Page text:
The student must also have prepared a two- to three-page thesis proposal for approval by the director and a second reader appointed by the Director of Graduate Studies. The student must receive a grade of at least Pass from both readers. If one reader assigns a grade of Fail, the thesis will be read by a third faculty member, and the student must receive a grade of at least Pass from the third reader in order to complete the requirement successfully.
Theses must be submitted no later than December 10 for the fall semester and April 10 for the spring semester. Students successfully completing the thesis-option M. Their applications will be evaluated with all the other applications received for the Ph. The papers must be submitted no later that March 15 of the second semester for students entering with an MA or the fourth semester for students entering without an MA, but they may be submitted at any time before that.
A paper will be deemed publishable just in case a reader judges that it is worthy of submission to a professional journal.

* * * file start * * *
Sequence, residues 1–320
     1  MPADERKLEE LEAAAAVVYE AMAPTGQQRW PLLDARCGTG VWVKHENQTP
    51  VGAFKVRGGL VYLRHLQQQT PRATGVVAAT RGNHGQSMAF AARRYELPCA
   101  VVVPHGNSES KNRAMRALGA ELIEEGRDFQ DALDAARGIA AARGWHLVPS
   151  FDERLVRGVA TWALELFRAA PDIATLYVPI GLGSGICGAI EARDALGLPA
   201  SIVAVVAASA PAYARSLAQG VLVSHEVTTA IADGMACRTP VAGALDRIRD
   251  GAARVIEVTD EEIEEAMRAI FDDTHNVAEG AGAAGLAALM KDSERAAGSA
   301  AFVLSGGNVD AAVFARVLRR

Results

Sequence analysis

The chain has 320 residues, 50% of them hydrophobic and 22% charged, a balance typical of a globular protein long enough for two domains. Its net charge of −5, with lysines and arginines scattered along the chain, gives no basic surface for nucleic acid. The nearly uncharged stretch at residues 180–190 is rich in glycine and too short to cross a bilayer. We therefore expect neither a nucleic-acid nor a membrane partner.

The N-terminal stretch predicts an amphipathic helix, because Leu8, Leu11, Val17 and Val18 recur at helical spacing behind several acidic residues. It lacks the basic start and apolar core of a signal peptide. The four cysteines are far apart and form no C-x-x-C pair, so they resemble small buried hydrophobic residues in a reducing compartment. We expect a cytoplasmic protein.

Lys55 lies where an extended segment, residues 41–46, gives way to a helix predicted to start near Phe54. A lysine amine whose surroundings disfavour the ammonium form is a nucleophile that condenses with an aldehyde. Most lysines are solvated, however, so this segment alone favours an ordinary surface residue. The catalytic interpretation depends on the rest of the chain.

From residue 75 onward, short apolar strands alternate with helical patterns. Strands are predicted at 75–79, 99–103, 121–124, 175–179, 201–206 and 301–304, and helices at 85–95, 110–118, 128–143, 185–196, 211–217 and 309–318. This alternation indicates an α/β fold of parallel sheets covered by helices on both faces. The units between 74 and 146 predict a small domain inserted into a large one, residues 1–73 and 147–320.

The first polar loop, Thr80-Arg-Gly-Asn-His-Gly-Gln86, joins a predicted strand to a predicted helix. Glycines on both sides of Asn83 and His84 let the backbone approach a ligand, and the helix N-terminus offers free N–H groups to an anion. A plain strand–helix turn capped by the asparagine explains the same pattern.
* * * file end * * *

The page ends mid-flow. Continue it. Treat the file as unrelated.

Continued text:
Each paper must be between and words. A paper will be graded High Pass when it is judged worthy of submission to a professional journal.
Each reader will prepare a statement regarding the strengths and weaknesses of the paper and, if necessary, of what needs to be done to improve the paper so that it is of publishable quality.
Students who not receive a High Pass grade on a qualifying paper may revise and resubmit once for reevaluation. If the resubmitted paper does not receive a High Pass, but both papers have received a grade of at least Pass, the student will be granted a terminal MA degree.